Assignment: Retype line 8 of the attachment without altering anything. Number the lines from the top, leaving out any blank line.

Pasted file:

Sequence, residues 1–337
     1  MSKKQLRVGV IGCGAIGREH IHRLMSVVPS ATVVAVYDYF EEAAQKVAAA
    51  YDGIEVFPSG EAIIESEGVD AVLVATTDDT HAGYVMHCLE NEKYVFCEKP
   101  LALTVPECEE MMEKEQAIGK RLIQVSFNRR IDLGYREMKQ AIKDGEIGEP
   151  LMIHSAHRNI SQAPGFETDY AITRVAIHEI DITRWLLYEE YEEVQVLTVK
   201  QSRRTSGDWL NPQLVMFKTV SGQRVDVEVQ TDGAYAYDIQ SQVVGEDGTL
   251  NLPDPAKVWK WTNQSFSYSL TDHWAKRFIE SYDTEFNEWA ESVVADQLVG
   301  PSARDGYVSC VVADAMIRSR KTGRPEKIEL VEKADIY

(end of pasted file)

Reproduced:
   301  PSARDGYVSC VVADAMIRSR KTGRPEKIEL VEKADIY